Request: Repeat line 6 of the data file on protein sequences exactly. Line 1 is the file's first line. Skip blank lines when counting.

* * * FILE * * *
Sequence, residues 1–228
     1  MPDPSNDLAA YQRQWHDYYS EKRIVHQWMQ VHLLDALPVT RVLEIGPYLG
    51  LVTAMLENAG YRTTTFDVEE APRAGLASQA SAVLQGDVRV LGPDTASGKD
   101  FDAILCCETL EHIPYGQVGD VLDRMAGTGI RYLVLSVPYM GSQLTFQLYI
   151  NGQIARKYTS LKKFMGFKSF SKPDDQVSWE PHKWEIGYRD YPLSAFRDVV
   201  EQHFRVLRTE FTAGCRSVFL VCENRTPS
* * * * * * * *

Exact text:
   201  EQHFRVLRTE FTAGCRSVFL VCENRTPS